HARRISBURG, PA (WPMT) — Attorney General Josh Shapiro announced Monday that his office secured a $2.75 million settlement from Nationstar Mortgage for violating consumer protection laws.
The settlement affects 2,234 loans in Pennsylvania, Shapiro said. The money is a portion of an $86.3 million settlement against the nation’s fourth-largest mortgage servicer obtained by 50 attorneys general, the District of Columbia, and other state and federal agencies, Shapiro said.
The settlement resolves allegations that Nationstar, which does business as “Mr. Cooper,” violated consumer protection laws, Shapiro said.
“This company failed to follow the law and took advantage of Pennsylvania consumers looking for help on their loans,” Shapiro said in a press release. “I appreciate the work of this multistate group and the consumer advocates in our office who secured this settlement and will provide borrowers with relief.”
The settlement provides consumer restitution as the result of an investigation that covered Nationstar’s conduct between Jan. 1, 2011 and Dec. 31, 2017.
The investigation found that, as loan data was transferred to Nationstar when they acquired other companies’ portfolios, some borrowers who had sought assistance with payments and loan modifications fell through the cracks. These borrowers will receive a guaranteed minimum payment of $840 as part of the settlement, Shapiro said.
The investigation also found that Nationstar neglected to correct hired third party companies, who changed the locks on homes of borrowers that couldn’t pay loans on time. These buyers will receive a guaranteed minimum payment of $250, according to Shapiro.
A settlement administrator will send eligible borrowers a claim form in 2021.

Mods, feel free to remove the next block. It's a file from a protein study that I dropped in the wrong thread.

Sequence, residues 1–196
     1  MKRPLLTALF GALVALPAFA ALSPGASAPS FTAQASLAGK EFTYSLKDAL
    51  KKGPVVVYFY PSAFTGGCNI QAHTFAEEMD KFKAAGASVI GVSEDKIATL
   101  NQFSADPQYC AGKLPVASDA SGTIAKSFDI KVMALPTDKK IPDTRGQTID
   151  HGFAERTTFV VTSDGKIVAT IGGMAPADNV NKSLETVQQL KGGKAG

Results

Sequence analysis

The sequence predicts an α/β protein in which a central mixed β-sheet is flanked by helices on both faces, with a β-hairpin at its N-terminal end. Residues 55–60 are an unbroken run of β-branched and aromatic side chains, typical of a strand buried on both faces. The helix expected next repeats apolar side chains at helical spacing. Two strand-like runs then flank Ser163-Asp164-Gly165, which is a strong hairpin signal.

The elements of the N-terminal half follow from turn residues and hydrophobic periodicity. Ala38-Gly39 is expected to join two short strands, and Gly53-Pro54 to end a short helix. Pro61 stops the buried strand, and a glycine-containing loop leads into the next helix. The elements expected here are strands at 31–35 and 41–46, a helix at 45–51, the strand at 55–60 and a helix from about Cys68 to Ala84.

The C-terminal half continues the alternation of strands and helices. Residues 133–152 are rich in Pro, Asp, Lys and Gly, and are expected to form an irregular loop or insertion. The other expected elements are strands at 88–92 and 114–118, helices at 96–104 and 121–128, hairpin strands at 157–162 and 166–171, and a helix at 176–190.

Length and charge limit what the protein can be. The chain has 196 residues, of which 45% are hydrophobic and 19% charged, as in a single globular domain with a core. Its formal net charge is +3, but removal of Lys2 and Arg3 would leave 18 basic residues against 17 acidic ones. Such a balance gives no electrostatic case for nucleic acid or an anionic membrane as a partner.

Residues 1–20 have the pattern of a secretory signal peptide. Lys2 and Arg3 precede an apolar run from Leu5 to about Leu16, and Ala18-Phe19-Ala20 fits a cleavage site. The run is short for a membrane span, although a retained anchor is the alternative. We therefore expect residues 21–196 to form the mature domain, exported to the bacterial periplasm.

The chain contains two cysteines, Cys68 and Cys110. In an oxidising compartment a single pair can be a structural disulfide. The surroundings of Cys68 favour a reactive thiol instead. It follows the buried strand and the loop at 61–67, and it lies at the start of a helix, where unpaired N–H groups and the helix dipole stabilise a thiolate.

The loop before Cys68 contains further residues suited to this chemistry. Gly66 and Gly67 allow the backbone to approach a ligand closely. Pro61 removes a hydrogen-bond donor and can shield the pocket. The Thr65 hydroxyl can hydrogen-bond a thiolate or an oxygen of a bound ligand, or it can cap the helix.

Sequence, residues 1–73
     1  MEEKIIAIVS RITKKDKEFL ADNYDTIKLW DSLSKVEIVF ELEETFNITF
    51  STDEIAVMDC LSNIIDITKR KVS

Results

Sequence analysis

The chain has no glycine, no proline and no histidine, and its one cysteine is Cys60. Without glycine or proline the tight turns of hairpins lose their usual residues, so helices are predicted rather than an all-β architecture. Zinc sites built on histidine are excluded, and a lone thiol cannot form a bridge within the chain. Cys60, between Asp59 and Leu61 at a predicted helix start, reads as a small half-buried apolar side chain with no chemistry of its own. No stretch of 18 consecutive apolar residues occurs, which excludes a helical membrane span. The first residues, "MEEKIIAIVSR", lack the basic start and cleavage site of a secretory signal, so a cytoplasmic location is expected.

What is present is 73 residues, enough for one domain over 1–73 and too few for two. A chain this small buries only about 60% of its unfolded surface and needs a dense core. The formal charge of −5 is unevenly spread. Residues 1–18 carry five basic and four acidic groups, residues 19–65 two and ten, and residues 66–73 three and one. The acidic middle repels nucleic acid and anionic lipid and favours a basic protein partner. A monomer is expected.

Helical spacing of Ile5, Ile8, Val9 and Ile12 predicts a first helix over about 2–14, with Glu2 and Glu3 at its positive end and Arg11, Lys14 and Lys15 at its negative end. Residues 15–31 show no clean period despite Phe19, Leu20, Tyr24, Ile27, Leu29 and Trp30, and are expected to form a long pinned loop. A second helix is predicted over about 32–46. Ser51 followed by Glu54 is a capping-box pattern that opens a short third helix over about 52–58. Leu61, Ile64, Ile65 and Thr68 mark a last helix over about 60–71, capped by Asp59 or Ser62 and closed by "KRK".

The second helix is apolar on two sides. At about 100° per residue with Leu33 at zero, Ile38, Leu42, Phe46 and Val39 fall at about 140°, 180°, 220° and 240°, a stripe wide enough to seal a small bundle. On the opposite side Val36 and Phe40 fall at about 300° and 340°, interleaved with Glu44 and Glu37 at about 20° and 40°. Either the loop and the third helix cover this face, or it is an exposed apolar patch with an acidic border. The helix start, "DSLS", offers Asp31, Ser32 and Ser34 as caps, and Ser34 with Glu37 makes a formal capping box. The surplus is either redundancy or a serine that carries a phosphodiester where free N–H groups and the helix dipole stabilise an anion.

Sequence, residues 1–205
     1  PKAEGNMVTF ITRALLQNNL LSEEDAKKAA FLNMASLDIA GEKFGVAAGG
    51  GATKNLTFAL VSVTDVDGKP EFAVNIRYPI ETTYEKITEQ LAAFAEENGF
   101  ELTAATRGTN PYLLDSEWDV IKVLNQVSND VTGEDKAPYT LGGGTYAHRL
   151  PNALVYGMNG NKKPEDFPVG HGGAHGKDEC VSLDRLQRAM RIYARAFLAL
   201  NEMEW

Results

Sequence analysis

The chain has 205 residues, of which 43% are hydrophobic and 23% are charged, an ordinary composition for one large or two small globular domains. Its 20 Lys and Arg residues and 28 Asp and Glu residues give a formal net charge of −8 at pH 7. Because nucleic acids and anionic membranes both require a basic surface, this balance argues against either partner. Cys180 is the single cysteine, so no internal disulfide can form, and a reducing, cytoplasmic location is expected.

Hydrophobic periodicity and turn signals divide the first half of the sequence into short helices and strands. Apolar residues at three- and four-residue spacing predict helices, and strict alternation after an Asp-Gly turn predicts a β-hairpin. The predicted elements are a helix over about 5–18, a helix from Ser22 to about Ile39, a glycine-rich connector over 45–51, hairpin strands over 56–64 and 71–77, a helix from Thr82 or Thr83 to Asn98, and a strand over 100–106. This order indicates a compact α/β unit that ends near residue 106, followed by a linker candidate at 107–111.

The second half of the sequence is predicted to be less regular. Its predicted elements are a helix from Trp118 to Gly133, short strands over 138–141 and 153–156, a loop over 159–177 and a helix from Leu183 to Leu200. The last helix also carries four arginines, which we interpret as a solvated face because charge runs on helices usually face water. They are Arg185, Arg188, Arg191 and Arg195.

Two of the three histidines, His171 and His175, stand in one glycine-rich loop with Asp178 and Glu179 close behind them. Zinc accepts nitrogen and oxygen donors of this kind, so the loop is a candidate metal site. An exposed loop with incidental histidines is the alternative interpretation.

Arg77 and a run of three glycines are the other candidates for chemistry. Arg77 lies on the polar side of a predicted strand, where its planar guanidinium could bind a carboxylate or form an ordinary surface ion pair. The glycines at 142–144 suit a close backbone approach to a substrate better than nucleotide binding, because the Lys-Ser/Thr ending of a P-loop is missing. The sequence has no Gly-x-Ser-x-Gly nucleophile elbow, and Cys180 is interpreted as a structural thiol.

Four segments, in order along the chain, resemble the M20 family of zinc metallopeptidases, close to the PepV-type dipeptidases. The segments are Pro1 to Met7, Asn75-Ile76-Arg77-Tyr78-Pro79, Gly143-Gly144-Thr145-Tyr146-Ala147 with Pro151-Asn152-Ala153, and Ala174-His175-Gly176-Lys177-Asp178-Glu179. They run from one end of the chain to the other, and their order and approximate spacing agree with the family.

In addition to the payout, the settlement requires Nationstar to follow, for three years beginning Jan. 1, 2021, a detailed set of rules that are more comprehensive that existing law in how it handles certain mortgage loans. Nationstar will also have to conduct audits and provide audit results to a committee of states to ensure it is complying with the settlement.
The lawsuit also alleged that Nationstar conducted several other unlawful acts and practices, including:
*failing to properly oversee and implement the transfer of mortgage loans
*failing to appropriately identify loans with pending loan modification applications when a loan was being transferred to Nationstar for servicing
*failing to timely and accurately apply payments made by certain borrowers
*threatening foreclosure and conveying conflicting messages to certain borrowers engaged in loss mitigation
*failing to properly process borrowers’ applications for loan modifications
*failing to properly review and respond to borrower complaints
*failing to make timely escrow disbursements, including the failure to timely remit property tax payments
*failing to timely terminate borrowers’ private mortgage insurance
*collecting monthly modified payment amounts on certain loans where the amounts charged for principal and interest exceed the principal and interest amount contained in the trial plan agreement.
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